Most livestock owners are probably somewhat acquainted with the Veterinary Feed Directive (VFD) that is scheduled to go into effect on January 1 of 2017. The purpose of the VFD is help insure the judicious use of antimicrobials (think antibiotics), generally termed as drugs. Are you prepared for the steps that will need to be taken if a VFD drug will be needed on your farm or livestock operation? For you beekeepers out there, did you know that bees are included under the VFD?
Oversight of the VFD belongs to the US Food and Drug Administration (FDA) and this is the agency that will determine which drugs fall under VFD status. Drugs designated as VFD drugs will only be able to be used under the professional supervision of a licensed veterinarian. According to the FDA web page dealing with the VFD, current VFD drugs include avilamycin, florfenicol and tilmicosin. Drugs that are scheduled to move from over the counter drugs to VFD status drugs include: penicillin, chlortetracycline, chlortetracycline/sulfamethazine, chlortetracycline/sulfamethazine/penicillin, hygromycin B, lincomycin, oxtetracycline, oxtetracycline/neomyacin, sulfadimethoxine/ormetoprim, tylosin, tylosin/sulfamethazine and virginiamycin. With time, other drugs will be added to the VFD list.
Recently Maurice Eastridge, Dairy Specialist in the Ohio State University Department of Animal Sciences wrote a good article describing the VFD that I will quote from here. By definition, a VFD is “a written statement issued by a licensed veterinarian in the course of the veterinarian’s professional practice that orders the use of a VFD drug in or on an animal feed.” This written statement authorizes the client to obtain and use the VFD drug in or on an animal feed to treat their animals only in accordance with the directions for use approved for the drug by the FDA. A veterinarian can issue a VFD to a client only if a valid veterinarian-client-patient relationship (VCPR) exists. Thus, farmers need to be working with their veterinarian now to make sure this VCPR is in place.
A recent Ohio Veterinary newsletter from the Ohio State Veterinary Extension department spelled out what is included in a VCPR and summarized it as “a formal relationship that you have with a veterinarian who serves as your primary contact for all veterinary services and is familiar with you, your livestock/animals, and your farm operation. This veterinarian is referred to as your Veterinarian of Record (VoR), and both the VoR and the client should sign a form to document this relationship. You can download a VCPR template developed by the Ohio Veterinary Medical Association Drug Use Task Force at:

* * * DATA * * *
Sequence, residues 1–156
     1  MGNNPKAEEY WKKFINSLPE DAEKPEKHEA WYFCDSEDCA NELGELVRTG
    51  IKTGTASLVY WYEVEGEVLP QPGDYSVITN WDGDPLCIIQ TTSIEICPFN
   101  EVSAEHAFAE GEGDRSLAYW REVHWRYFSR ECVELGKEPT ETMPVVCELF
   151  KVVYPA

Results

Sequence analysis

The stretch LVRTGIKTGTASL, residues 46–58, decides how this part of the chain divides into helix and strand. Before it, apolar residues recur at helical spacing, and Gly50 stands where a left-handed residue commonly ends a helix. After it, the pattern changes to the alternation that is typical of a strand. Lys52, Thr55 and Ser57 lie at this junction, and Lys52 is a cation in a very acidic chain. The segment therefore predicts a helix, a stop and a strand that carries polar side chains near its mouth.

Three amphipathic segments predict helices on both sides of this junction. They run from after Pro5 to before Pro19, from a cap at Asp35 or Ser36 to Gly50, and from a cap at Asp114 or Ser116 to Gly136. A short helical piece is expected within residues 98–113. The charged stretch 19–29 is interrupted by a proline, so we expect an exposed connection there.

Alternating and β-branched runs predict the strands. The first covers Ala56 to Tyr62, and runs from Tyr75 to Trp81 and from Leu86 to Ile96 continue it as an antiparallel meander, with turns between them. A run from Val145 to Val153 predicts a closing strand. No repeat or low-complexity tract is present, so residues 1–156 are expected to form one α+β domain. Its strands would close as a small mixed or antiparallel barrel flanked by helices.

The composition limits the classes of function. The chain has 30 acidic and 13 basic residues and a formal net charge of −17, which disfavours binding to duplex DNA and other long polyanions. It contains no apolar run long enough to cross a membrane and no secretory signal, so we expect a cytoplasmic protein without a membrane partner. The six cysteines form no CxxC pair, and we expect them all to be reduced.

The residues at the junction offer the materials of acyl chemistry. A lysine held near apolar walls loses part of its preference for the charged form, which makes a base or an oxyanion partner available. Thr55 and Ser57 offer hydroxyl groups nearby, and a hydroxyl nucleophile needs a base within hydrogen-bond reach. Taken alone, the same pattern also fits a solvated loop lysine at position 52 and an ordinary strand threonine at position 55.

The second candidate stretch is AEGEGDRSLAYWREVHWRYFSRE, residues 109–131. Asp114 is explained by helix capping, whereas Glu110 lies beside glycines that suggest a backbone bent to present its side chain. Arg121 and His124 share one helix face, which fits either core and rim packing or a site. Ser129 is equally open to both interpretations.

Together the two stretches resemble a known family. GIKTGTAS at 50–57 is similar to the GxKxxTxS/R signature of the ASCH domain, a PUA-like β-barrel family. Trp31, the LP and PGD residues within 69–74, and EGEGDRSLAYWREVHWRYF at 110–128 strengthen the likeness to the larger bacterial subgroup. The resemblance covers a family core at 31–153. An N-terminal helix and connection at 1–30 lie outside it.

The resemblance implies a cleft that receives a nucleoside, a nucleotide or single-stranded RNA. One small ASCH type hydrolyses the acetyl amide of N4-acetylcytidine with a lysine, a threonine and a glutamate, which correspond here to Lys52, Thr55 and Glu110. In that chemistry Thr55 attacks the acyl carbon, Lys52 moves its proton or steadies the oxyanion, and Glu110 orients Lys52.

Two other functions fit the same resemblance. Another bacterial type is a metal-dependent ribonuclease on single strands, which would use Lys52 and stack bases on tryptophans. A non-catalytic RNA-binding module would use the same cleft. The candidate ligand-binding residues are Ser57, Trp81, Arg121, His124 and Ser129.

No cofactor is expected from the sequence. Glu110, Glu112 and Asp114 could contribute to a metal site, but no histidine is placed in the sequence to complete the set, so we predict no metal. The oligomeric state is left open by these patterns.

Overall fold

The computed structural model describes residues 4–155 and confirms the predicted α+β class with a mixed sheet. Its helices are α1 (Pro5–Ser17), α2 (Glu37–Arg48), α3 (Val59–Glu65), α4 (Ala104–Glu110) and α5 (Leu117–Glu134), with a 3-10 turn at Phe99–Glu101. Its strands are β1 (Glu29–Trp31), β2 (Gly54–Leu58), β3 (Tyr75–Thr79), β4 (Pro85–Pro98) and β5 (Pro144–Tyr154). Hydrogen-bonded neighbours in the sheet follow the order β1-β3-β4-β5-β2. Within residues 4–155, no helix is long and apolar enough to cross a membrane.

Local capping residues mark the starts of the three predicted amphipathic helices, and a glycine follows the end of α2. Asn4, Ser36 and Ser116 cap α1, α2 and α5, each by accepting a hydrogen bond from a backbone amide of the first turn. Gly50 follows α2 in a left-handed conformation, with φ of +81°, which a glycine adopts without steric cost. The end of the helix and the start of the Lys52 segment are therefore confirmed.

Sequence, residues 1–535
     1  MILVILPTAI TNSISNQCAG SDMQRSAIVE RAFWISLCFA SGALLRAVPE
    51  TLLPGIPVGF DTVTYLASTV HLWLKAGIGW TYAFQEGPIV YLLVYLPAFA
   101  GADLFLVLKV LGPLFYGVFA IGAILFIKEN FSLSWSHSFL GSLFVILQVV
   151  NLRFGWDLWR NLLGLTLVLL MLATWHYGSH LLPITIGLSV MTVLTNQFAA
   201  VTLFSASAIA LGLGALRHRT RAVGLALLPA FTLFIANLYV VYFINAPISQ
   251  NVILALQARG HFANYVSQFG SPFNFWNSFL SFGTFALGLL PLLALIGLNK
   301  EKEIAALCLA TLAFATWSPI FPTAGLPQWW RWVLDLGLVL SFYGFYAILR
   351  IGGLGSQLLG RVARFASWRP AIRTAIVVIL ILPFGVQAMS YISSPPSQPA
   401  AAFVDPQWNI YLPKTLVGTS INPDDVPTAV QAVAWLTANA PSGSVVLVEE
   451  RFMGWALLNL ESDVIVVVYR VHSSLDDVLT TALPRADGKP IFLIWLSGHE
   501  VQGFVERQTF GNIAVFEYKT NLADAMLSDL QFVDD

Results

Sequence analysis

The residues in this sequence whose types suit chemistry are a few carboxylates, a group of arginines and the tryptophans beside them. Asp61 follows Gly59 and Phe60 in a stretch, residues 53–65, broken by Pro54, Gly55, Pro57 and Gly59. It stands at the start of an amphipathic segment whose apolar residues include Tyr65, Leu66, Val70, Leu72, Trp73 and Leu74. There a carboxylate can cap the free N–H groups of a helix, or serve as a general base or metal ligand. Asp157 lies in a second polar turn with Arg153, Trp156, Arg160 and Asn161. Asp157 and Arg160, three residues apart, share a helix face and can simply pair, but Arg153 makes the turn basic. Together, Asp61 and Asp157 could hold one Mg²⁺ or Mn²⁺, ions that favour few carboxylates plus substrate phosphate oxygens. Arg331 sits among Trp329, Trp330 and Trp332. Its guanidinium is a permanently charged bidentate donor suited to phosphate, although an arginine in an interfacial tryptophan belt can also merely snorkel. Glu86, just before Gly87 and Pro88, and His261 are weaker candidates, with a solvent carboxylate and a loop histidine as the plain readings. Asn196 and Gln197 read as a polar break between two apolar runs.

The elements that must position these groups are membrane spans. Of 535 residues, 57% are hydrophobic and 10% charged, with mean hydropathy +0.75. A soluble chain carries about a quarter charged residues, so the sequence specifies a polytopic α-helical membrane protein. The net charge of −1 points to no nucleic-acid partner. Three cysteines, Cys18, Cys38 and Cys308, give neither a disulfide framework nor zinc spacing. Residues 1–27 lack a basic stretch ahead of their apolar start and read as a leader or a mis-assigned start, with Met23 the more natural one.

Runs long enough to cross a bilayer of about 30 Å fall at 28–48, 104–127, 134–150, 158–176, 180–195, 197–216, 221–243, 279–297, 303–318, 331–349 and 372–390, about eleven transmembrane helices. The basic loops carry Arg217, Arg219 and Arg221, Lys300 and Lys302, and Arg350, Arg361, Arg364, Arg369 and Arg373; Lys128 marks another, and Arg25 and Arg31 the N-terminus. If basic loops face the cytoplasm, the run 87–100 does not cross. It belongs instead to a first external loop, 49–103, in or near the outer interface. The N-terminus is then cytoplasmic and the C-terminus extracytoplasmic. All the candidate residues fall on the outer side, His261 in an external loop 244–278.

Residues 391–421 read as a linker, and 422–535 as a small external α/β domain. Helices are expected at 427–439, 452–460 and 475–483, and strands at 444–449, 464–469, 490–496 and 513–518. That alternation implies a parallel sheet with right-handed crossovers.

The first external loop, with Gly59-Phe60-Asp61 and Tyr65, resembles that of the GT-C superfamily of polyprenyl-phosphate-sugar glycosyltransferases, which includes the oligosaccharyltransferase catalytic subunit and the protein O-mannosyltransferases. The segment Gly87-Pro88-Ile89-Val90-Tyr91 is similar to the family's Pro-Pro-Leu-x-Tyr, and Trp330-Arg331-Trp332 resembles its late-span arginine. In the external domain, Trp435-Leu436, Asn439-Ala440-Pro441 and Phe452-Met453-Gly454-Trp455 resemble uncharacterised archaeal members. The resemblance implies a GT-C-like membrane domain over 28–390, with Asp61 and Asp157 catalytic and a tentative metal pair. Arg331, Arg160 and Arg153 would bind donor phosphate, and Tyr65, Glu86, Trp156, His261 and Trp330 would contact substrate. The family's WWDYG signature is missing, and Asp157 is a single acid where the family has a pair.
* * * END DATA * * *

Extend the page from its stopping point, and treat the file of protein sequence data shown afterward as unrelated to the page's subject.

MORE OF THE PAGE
https://vet.osu.edu/extension/general-food-fiber-animal-resources This veterinary relationship can be thought of as similar to having a primary “family doctor” where that individual is the one whom you consult with regarding prescription needs, changes in health status, or specialized services.” For those who may not have an Internet connection and would like a VCPR form, contact me at the Wayne County Extension office at 330-264-8722 and I can provide this form to you.
How does the VFD form work and what is included in that form or written statement? According to the Eastridge article; “A VFD form is needed for each VFD drug prescribed that provides contact information for the client and veterinarian, the explicit instructions and purpose for use of the prescribed drug, including the expiration date for the VFD, and the signature of the licensed veterinarian. The completed VFD form can be sent to the drug distributor, e.g. feed mill, and the client either in electronic form or paper copy. All parties involved in the use of the VFD drug must retain a copy of the VFD for 2 years. Extra-label use of medicated feed, including a VFD drug, will not be permitted. The expiration date on the completed VFD form is the last date at which the feed containing the prescribed VFD drug can be fed. A veterinarian can prescribe a refill on the VFD feed if the label for the VFD drug being used authorizes refills based on the approval made by FDA. Producers who manufacture their own feed must have a VFD in order to get the medicated VFD feed from the manufacturer.
A generic VFD drug form is available, but most companies have prepared specific VFD drug forms for each respective VFD drug that they manufacture. Ionophores, e.g. Rumensin and Bovatec, have not been designed as VFD drugs and thus feeding them does not require a VFD form; however, the feeding guidelines as described on the label need to be followed. Although the VFD pertains only to feed, antimicrobials for use in water or administration orally or by injection need to be conducted under the advisement of a veterinarian. These antimicrobials administered other than by feed also will require a prescription unless they are over the counter medications.”
Take the time now to make sure you have a VCPR in place. When the VFD goes into effect good record keeping and adherence to drug administration protocols will become very important.